Economic Impact of Spanish Flu on Global Economy

It is almost a year since COVID19 was declared as a Pandemic by WHO. We now have managed to prepare its vaccine, but there seems to be no end in sight yet. This pandemic is still wreaking havoc across the world. We are now witnessing the “third wave” of infection across many major countries.

One of the similarities between COVID19 and Spanish Flu (which is considered as the deadliest pandemic in our recent 2 centuries) is – Spanish Flu also had three waves of mutated virus strains. Death toll of Spanish flu is estimated to be 20-50 million. The death toll of Covid19, is close to 2.75 million, which is just 10% of Spanish flu’s death toll. So, it is quite imperative to know more about Spanish flu and its social & economic Impact. This understanding will act as a baseline for analysing the life-time impact of the ongoing COVID19 pandemic.

Spanish Flu


1918-1919 (lasted for 2 years)

Originated in

Still unknown; France, China, Britain and US were potential birthplace of the virus.

Originated From

It was caused by an H1N1 virus with genes of avian origin.

First case

Military Base in Kansas, US (March 1918).

Mutation or reassortment Happened?


During Sep-Nov 1918 (Second waves). Second wave of Pandemic was more deadly that the first wave as virus had mutated to stronger form.

There was a third wave of Pandemic too during Jan-Jun 1919. Though, it was lesser severe than the second waves but more severe than the first wave of the pandemic.

Why it was named Spanish Flu?

It was known as the Spanish flu because it was a common perception among many countries during those time that it had been originated in Spain.

Some studies say that It was named Spanish flu because Spain was neutral in World War-I (1914-1918). So, Spain could report on the severity of the pandemic, but countries fighting the world war were suppressing reports on how the disease affected their citizens.

Newspapers in Spain were therefore free to report the epidemic’s actual effects, e.g. the illness of King Alfonso XIII, and these liberal reporting about the epidemic created a false impression of Spain as a hard-hit nation from the Pandemic.

How many people got affected?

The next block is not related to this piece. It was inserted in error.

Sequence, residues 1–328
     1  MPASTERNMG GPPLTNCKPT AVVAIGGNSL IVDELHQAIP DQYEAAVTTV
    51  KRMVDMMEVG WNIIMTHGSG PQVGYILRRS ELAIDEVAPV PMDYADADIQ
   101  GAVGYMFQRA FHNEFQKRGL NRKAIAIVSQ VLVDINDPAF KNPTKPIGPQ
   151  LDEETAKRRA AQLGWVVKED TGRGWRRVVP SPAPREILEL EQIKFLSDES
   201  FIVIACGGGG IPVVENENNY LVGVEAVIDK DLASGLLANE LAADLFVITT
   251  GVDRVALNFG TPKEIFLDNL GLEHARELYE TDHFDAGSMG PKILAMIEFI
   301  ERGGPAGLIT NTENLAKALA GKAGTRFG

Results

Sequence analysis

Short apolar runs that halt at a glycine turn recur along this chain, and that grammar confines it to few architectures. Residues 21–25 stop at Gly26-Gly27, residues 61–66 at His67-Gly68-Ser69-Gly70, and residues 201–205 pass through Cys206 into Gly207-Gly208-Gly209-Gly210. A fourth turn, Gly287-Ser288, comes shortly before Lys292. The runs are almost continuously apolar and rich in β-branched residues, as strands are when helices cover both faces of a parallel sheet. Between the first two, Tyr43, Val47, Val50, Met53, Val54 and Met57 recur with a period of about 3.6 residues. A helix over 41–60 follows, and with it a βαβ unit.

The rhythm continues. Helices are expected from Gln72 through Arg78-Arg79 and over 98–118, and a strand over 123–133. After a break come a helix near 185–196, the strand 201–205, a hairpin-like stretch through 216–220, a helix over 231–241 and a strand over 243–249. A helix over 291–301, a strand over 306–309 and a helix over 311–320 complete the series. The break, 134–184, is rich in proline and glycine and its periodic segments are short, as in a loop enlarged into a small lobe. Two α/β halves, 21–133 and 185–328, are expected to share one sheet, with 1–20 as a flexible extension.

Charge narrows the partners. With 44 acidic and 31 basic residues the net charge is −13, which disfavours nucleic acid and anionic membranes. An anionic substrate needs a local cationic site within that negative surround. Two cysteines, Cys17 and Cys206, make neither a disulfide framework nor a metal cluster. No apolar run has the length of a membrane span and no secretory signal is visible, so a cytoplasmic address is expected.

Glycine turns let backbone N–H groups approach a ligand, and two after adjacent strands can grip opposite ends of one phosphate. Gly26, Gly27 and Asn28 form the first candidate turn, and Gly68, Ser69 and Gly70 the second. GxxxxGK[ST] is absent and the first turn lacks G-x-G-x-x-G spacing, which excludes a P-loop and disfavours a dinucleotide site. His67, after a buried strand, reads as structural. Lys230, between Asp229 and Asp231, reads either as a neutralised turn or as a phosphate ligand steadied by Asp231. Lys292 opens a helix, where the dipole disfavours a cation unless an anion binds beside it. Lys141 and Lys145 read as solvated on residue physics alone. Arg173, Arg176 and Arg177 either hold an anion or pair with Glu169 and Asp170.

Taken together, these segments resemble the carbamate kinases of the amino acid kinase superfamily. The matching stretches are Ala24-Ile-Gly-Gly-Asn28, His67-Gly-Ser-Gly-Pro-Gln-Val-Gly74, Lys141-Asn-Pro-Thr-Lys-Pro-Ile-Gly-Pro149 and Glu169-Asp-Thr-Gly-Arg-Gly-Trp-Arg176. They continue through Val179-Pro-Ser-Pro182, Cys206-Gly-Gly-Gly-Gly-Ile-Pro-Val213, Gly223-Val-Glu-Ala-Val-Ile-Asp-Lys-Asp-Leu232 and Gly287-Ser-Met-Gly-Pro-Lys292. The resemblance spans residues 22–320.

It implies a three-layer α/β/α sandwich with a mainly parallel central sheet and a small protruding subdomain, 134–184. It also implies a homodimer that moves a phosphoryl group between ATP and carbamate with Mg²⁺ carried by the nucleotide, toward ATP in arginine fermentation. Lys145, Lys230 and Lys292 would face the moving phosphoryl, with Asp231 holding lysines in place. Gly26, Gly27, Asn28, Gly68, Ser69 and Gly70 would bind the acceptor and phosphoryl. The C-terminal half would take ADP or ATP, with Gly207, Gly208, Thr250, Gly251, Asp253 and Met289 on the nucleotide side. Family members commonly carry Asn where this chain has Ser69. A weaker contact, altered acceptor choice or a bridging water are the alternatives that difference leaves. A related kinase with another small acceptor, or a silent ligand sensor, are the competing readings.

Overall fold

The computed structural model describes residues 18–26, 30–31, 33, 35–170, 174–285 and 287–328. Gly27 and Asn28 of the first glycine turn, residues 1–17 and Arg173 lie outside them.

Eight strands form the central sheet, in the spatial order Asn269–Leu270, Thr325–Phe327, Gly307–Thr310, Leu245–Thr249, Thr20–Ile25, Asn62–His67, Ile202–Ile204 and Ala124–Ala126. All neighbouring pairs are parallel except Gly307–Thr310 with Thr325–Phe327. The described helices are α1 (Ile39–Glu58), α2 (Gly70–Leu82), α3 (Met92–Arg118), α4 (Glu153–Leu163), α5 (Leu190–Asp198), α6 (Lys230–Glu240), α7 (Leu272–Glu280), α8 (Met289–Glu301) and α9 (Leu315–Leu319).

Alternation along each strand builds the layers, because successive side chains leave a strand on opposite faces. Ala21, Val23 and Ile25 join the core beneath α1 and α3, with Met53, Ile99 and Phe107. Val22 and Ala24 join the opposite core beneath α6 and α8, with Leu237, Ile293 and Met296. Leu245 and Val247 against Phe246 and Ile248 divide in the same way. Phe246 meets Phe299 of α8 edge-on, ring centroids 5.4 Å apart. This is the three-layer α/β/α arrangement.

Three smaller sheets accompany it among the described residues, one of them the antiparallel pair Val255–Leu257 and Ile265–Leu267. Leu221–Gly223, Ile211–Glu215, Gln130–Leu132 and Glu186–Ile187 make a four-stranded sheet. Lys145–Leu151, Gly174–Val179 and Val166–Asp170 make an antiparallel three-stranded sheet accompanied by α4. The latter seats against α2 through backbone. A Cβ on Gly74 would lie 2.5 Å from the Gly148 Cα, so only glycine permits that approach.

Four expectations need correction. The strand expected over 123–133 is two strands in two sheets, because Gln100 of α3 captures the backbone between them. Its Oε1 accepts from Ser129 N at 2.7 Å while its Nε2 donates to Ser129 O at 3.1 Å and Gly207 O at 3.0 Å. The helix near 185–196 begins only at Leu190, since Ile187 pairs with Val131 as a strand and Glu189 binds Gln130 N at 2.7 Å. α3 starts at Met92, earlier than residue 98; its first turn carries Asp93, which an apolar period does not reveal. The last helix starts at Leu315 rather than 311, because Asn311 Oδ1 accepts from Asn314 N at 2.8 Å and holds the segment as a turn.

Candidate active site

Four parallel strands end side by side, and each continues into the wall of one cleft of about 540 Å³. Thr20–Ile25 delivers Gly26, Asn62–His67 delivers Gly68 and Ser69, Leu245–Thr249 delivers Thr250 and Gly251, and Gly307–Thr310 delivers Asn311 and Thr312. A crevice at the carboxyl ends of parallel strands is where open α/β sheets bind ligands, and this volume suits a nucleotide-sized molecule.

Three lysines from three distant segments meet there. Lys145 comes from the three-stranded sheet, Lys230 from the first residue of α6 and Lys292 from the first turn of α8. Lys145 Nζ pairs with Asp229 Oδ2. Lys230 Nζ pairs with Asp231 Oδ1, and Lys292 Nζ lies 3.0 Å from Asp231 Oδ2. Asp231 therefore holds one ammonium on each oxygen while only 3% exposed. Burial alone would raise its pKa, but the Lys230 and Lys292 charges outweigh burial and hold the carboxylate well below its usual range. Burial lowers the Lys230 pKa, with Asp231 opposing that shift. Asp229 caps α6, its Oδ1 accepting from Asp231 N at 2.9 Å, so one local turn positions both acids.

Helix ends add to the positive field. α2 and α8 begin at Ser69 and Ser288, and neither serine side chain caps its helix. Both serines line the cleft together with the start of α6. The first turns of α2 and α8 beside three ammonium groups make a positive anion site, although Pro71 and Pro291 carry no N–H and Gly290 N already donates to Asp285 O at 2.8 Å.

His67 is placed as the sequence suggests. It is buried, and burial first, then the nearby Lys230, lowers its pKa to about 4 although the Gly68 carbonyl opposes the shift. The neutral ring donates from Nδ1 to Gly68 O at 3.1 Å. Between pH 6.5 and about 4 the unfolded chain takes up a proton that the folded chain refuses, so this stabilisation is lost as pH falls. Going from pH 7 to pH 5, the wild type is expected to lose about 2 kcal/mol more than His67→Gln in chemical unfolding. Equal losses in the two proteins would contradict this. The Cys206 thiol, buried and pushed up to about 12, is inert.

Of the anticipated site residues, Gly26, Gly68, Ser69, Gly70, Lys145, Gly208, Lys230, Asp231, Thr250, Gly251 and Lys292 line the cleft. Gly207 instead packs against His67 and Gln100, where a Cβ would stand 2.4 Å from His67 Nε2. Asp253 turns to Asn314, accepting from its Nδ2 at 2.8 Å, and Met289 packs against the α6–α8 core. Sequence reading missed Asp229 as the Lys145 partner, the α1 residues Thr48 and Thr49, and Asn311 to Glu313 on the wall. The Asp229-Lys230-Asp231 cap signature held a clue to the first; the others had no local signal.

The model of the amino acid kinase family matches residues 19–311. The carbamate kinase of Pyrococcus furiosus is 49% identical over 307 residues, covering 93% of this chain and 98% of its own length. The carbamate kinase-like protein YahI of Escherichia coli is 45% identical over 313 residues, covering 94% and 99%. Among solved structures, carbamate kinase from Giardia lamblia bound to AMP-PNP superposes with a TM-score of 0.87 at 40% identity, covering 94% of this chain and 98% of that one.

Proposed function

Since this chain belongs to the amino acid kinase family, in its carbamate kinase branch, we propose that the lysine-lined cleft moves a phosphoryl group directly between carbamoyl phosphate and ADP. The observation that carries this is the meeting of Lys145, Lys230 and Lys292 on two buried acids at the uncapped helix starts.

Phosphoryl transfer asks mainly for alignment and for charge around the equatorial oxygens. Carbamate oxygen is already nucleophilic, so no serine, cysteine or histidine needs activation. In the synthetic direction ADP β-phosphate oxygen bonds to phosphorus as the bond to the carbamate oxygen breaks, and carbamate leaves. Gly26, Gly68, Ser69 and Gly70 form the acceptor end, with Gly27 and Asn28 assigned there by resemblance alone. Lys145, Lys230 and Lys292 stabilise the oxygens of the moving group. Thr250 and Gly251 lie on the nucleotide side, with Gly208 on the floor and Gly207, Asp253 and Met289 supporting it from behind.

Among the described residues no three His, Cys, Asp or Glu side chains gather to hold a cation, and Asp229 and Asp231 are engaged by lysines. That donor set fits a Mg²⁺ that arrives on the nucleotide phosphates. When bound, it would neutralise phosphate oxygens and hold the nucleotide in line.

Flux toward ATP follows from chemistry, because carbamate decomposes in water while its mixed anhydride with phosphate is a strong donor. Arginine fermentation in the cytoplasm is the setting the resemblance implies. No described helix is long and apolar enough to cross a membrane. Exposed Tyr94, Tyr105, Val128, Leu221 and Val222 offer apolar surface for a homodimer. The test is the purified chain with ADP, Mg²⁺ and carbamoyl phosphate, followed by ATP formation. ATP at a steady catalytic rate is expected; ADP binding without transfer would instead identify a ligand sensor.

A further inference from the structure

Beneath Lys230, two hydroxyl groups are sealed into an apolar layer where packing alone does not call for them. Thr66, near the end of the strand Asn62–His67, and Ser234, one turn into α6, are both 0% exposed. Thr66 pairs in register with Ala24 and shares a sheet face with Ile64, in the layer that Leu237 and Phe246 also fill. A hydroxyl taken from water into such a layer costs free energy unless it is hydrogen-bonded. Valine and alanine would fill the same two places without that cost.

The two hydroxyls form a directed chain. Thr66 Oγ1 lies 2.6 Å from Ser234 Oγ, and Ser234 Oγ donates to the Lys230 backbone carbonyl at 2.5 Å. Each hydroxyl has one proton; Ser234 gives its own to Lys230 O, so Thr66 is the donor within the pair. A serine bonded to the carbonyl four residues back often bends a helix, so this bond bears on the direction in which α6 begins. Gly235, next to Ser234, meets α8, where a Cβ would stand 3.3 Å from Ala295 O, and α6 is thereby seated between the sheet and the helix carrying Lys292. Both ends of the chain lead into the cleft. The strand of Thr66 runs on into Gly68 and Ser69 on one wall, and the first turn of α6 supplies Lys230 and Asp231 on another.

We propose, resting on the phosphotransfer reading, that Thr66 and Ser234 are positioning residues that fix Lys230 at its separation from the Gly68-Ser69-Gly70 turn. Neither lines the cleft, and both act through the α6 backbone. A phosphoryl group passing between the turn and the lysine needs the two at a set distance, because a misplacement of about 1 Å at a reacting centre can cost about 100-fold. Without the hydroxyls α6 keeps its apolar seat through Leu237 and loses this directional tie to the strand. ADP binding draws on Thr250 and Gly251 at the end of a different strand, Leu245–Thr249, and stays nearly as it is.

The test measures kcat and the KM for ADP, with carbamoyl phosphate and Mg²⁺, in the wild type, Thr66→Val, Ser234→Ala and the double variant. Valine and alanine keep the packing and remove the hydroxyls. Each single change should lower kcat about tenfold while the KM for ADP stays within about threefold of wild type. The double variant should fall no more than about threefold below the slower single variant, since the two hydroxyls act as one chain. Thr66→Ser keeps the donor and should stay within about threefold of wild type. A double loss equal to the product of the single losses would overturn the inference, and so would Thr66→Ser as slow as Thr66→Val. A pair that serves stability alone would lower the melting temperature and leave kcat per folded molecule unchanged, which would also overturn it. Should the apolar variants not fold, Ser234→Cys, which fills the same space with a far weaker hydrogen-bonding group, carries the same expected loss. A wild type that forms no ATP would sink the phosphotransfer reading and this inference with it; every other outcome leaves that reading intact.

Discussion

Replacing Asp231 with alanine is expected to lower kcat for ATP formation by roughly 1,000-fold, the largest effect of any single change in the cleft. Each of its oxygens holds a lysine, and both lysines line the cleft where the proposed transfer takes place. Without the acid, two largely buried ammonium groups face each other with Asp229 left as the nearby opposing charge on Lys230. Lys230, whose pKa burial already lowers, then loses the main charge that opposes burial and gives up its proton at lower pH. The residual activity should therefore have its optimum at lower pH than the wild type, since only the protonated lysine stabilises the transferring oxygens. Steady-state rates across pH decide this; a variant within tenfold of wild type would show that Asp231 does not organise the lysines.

At its peak, Spanish flu affected around 500 million population (about 1/3rd of world’s population).

Up to 50 million people died worldwide (about 2.7% of world’s population). Out of which 675000 people in US died. Fatality rate was close to 2-5% (Fatality rate of seasonal influenza is usually 0.1%).

The Spanish flu epidemic in Singapore, occurred in 2 waves, June–July, and October–November, and resulted in more than 2,870 deaths (mortality rate was close to 4-5%). The excess mortality rate was higher than that for industrialized nations in the Northern Hemisphere but lower than that for the less industrialized countries in Asia and Africa.

One of the reasons of its faster transmission was world war-I. Whole world was in the middle of the war, so it was easier for soldiers to spread the virus faster (though not deliberately). People were living in crowed and unhygienic condition too.

Higher fatality rate of this Pandemic could be due to following reasons:

  1. Hospitals were dealing with mass casualties and injuries from the world war-I, and many healthcare professionals were with the troops, leaving medical students/trainees to take care of the Pandemic patients.
  2. Medicinal Research was not that advanced what we find it today. So, quick vaccine development could not be done.
  3. At that time, some section of medical professionals was recommending up to 30 grams of aspirin daily, which as we now know is toxic — doses above 4gms are unsafe. Many experts believe that a significant portion of the deaths from the Spanish flu were caused by aspirin poisoning.
  1. Communication system across the world was not that advanced what we find it today. It resulted in hindrance in raising awareness among public about the Pandemic.

Mortality rate across different countries

  • US (0.7 million) and Japan (0.5 million) were top two nations in terms of number of casualties.
  • Australia and Latin America were least impacted territories in terms of number of casualties as well as % mortality rate.
  • Africa and India were most impacted countries in terms of % mortality rate.

End of Pandemic

Virus mutated extremely rapidly to a less lethal strain. This is quite common with influenza viruses: there is a tendency for pathogenic viruses to become less lethal with time, as the hosts of more dangerous strains tend to die out.

Long Term Societal Impact of the Pandemic

Reduced educational attainment and increased rates of physical disability

Economic impact of the Pandemic

Most of the analysis concluded that the economic effects of the 1918 pandemic were short-term.

Many businesses, especially those in the services industry, suffered a double-digit revenue loss. businesses related to health care products experienced an increase in revenues.

Some academic research suggests that the 1918 pandemic caused a shortage of labour that resulted in higher wages (at least temporarily) for workers, though this benefit didn’t outweigh the costs from the loss of life and overall economic activity.

Research also suggests that the 1918 influenza caused adverse effect on individuals in utero during the pandemic. As we all know, an efficient labour-pool is prerequisite for the economic activities. That was the reason that it had some severe implications for economic activity occurring decades after the pandemic.


The above details about Spanish flu has been taken from my book “The Economic Cost of 2020 Pandemic” (Available on Amazon).


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Published by Amit


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